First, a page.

Japan's Must-Read Magazine

Kaette kita, Meshimase Nihon!

帰ってきた、召しませ日本!
Have Some Japan! Redux
Def Tech

日本の音楽業界は相変わらずやね。
Nihon no ongaku-gyokai wa aikawarazu yane.
– Currents of Japanese music –

While Have Some
Japan was away, the Japanese music industry was ? don?t worry, not much
different. Finally, Ayumi Hamazaki is becoming a thing of the past.
Phew! She has had her 15 minutes and made lots of money, and her clones
have not even noticed how uncool they are.

Another interesting
thing is the Anti Orange Range HP (Orange Range often have No. 1 hits
on Japanese charts), which writes about how much Orange Range steal
from other artists, including overseas ones. The lucky overseas artists
include Bon Jovi, Kylie Minogue and Shampoo. Wow, a blast from the past!

Most
surprising was that they admitted this fact in Bounce, the Tower
Records music magazine. The interviewer asked what the band?s music
policy was and they said, without hesitation, ?We actually don?t like
real rock music. We don?t know rock or funk music so well, so naturally
we must copy songs that we think are cool. Our motto is ?let?s steal
anything!??  This was printed in the magazine! (I would never
exaggerate the translation.) They are dumb as a rock! And they have a
million-selling record! Officer, officer, arrest them!!!

Recently,
they had a copyright problem. They were credited as the songwriter in
their hit song ‘Loco-motion’, but a few months later, the credit was
changed to ?Carole King?. No joke. Why are they still at the top of the
charts? They should be in jail.

Mainstream music is boring in any
country, particularly in Japan. Orange Range?s hit has proved that the
Japanese Top 40 is still low-level and sucks; the listeners are
immature. But since I?m Japanese, I can?t give up on Japanese music.
Nah, I just keep hoping it will somehow get better.

はい、ここから本題.
Hai, koko kara hondai.
– The main topic –

A newcomer, Def Tech,
brightens up the Japanese music charts now. The industry is in
recession, just like the Japanese economy, so 100,000 sales is regarded
as a hit. So when their first album, Def Tech (released in January),
sold over a million copies, that was a real smash hit.

Def Tech
is a vocal unit comprised of Shen, a white guy born in China and raised
in Hawaii, and Micro, a surfer dude raised in Japan. Up to now, they
were not covered much in the mass media, such as TV or magazines.
Rather, their reputation grew through heavy rotation on FM radio
stations, original promotions by CD shops, and word-of-mouth on the
Internet. In Japan, this kind of big break is rare, only happening once
every few years or so.

はい、ここからヒットナゼナゼ分析。
Hai, koko kara hitto nazenaze bunseki.
– Why Def Tech succeeded ?

When I first heard
their music, their big break seemed just around the corner, although I
didn?t expect it to be so big. They have two key points necessary to
break in Japan, and two added bonuses that have certainly helped.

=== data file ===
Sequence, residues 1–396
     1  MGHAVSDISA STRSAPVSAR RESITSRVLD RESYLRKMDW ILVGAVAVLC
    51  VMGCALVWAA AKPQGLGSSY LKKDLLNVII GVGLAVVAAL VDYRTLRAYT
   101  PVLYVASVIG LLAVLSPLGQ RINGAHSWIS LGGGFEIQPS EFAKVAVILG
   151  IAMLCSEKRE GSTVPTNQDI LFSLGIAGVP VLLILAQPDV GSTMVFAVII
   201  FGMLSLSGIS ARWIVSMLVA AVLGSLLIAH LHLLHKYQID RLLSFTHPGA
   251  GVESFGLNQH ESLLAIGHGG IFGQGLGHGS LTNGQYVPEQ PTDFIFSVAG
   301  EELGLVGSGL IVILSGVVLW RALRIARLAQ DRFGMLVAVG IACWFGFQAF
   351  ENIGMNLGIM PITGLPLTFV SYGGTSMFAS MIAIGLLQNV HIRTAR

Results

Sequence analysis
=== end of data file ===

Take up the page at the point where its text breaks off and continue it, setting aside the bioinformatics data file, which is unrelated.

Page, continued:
Their
music is catchy and cheerful. These are all-important qualities for
capturing Japanese hearts, and effective not only for music but also
for movies or books. I don?t know if Def Tech planned this strategy,
but their music embodies these two points.

A full-scale break for
this kind of music is a first in Japan, and westerners are rare in the
Japanese music industry. These are very big bonuses. Def Tech?s style
of pop songs mixed with reggae does not exist in mainstream music.
Their lyrics are a combination of Japanese and English, without any
hint of contrivance. Also, most Japanese like anything western,
including people. This has accelerated their popularity.

で、肝心の音楽は、どうな〜ん?
De, kanjin no ongaku wa, dounan?
– Is their music worth listening to? –

Def
Tech’s music is a fusion of Japanese, Jamaican and Hawaiian music,
spiced with Hip Hop. They have called their sound ?Jawaiian Reggae?.
The shamisen, a classical Japanese guitar, is featured in their songs.

When
l listened to their hit single, ‘My Way’, it reminded me of the
Barenaked Ladies? ‘One Week’. Def Tech is a vital reggae version of the
Barenaked Ladies, with a bit of ska thrown in. I thought it was only my
impression, until someone else who heard the song said the same thing.

で、最近はこんな感じ、らしい。
De, saikin wa konna kanji, rashii.
– Their latest news –

Def Tech’s second
mini-album, Lokahi Lani, is now on sale. They have released their CD
through their own independent label, Tensaibaka Records, which was
started with their mate, so the price is only ?050 yen. Sales are now
high.

They will perform at Summer Sonic, on Saturday the 13th in Tokyo and Sunday the 14th in Osaka.

According
to an interview on some HP, Def Tech hope to break overseas in the near
future.  If they really feel that way, maybe they should make an
English site!

Def Tech official site: www.deftech.jp

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